Trump takes a big gamble on Jerusalem

 

President Trump has announced that he intends on moving the US Israeli embassy mission from Tel Aviv to Jerusalem within a 6 month window, as well as stating the bold recognition of Jerusalem as the capital of Israel. This unprecedented act was widely denounced by most heads of state except of course, the Israeli government. Presently, almost every country having diplomatic relations with Israel has its mission located in Tel Aviv. Trump has just departed from that, making a big gamble for a shot at resolving the long-simmering Israel-Palestine conflict. But already with the way things are unfolding, hopes of a resolution are far off.

A brief primer on the Arab-Israeli conflict

This is a very long, heated and complicated conflict, so this summary in no way does adequate justice, however I cannot really cover everything, as that would probably take an entire book. In brief, the last major change that often crops up as a common reference under most attempted peace agreements, was the 6-Day war in 1967, when Israel defeated the Arabs. Israel ended up seizing the Sinai from Egypt, East Jerusalem and the West Bank from Jordan, and the Golan Heights from Syria. Since then, the Sinai was handed back to Egypt under a peace accord in 1979, while the Golan Heights and the West Bank (also known as Judea and Samaria to Israel), have remained largely under Israeli occupation. Most attempts at resolving the Arab-Israeli conflict since then have frequently made references to pre-67 borders, when the political makeup of Israel and Palestine was much closer to the original 1947 UN partition plan, Resolution 181. The reason why it is not exact is because the original partition plan changed after the war of 1948, when Arabs declared war on Israel the day after it declared independence. Israel won that war and seized more land than it was originally bequeathed with by the UN.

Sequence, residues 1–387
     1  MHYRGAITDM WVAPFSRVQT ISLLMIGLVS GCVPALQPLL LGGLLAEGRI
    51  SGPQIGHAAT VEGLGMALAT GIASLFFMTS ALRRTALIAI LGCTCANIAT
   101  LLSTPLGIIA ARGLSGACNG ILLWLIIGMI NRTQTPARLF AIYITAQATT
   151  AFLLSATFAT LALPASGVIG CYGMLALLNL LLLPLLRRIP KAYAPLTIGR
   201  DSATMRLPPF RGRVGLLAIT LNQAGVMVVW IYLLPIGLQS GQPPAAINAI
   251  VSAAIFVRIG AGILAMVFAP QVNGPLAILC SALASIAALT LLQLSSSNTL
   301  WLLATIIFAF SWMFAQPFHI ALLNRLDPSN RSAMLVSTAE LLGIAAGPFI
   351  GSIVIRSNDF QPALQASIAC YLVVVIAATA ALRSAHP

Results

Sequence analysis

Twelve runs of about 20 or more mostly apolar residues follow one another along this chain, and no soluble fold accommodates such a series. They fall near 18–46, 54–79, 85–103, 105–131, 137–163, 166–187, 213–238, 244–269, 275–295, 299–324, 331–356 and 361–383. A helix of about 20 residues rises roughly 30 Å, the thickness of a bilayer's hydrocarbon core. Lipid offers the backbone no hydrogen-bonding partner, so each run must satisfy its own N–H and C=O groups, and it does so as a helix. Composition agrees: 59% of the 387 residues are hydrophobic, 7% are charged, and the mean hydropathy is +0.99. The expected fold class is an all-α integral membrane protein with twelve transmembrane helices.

Israeli and Palestinian territories 1946-2000

Key issues

Right of Return